BYRD’S PASSAGE: Robert Byrd, who died on June 28 at 92, was born less than a lifetime after the founders of the American experiment. The longest-serving senator breathed his first just ninety-one years after Thomas Jefferson breathed his last, and Byrd’s transit of the arc of history provides one of the most redemptive stories of this nation’s progress. Infamously, the West Virginia Democrat was a member of the Ku Klux Klan in his youth, and as a senator in 1964 he filibustered the Civil Rights Act for fourteen hours—decisions he would later apologize for. His evolution began during the Watergate battles, when he turned on the lawless administration of Richard Nixon— who had considered nominating Byrd for the Supreme Court—and developed the line of questioning that led to John Dean’s explosive testimony and the end of Nixon’s presidency.
Byrd’s evolution continued in the wake of 9/11, when he became an eloquent antiwar critic of the Bush administration on the Senate floor. Speaking of the impending invasion of Iraq in early 2003, he warned, “We may get lucky and achieve a rapid victory. But then we will face a second war: a war to win the peace in Iraq. This war will last many years and will surely cost hundreds of billions of dollars.” Byrd decried the complacency of the Senate, declaring as the war progressed that “the right to ask questions, debate and dissent is under attack. The drums of war are beaten ever louder in an attempt to drown out those who speak of our predicament in stark terms. Even in the Senate, our history and tradition of being the world’s greatest deliberative body is being snubbed.” The snubbing continues, but those who honor the senator’s legacy would do well to recognize the wisdom the founders— and Byrd—saw in saying no to presidents, regardless of party, and especially in times of war. JOHN NICHOLS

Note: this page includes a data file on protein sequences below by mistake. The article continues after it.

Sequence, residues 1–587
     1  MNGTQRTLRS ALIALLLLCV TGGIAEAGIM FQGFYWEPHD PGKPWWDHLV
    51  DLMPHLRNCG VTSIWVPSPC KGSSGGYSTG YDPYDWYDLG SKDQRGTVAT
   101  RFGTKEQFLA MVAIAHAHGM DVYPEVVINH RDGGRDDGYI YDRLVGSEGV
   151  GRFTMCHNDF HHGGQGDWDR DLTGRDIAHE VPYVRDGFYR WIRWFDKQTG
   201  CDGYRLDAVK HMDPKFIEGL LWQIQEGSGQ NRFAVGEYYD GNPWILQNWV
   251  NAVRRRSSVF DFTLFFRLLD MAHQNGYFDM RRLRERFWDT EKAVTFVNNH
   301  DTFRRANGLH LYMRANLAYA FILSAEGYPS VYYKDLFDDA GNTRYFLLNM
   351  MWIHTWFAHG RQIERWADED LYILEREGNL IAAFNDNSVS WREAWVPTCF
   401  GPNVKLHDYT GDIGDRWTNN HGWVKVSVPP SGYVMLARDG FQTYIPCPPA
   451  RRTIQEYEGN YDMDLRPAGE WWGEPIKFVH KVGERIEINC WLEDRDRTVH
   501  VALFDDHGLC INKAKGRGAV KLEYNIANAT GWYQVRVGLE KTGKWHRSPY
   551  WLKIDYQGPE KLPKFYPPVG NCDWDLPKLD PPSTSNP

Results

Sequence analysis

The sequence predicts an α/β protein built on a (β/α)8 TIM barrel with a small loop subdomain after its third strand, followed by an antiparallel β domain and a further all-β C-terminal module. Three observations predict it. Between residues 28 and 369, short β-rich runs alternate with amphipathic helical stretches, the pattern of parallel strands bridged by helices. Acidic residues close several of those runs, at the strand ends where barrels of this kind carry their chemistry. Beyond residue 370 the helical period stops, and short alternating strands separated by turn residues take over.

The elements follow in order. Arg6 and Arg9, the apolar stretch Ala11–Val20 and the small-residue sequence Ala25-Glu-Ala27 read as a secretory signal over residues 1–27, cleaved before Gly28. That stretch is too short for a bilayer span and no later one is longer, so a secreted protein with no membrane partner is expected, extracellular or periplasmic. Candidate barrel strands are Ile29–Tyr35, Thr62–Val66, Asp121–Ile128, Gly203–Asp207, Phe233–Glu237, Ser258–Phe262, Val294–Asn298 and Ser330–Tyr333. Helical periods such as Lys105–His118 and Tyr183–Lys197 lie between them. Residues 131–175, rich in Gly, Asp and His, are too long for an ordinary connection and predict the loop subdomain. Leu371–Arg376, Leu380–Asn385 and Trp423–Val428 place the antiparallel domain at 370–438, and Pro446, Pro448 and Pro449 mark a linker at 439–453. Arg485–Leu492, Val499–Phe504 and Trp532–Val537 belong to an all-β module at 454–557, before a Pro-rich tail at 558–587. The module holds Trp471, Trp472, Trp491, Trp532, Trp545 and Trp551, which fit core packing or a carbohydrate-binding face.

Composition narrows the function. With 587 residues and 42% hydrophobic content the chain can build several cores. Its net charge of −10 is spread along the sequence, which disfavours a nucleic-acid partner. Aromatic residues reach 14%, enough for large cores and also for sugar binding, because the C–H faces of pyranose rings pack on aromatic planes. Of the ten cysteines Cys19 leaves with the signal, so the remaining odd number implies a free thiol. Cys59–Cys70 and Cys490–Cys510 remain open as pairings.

THE KING BEATER: NASCAR legend Richard Petty is known as “the King” in North Carolina. So when he ran for secretary of state as a Republican in 1996, everyone presumed he was unbeatable—until he lost by more than 200,000 votes to State Senator Elaine Marshall. Defeating Petty should have put Marshall on national radar screens, but when she decided to run for the Senate this year, Washington Democrats handpicked their own candidate, Cal Cunningham, a telegenic Iraq War vet, to run against her. That plan backfired when Marshall routed Cunningham in the June 22 primary runoff, setting up a November showdown with incumbent Senator Richard Burr.
It was a victory for the progressive groups that unsuccessfully backed Bill Halter over Blanche Lincoln in Arkansas, including MoveOn.org and Democracy for America, which supported Marshall. A 65-year-old former teacher, craft store owner and lawyer, Marshall is not exactly an outsider, having served in elected office for a decade and a half. But she ran a savvy anti-establishment, progressive-populist campaign in the primary, defeating what she called “a committee of Washington insiders” by touting her oppo- sition to the surge in Afghanistan and support for healthcare legislation that included a public option and Wall Street reform.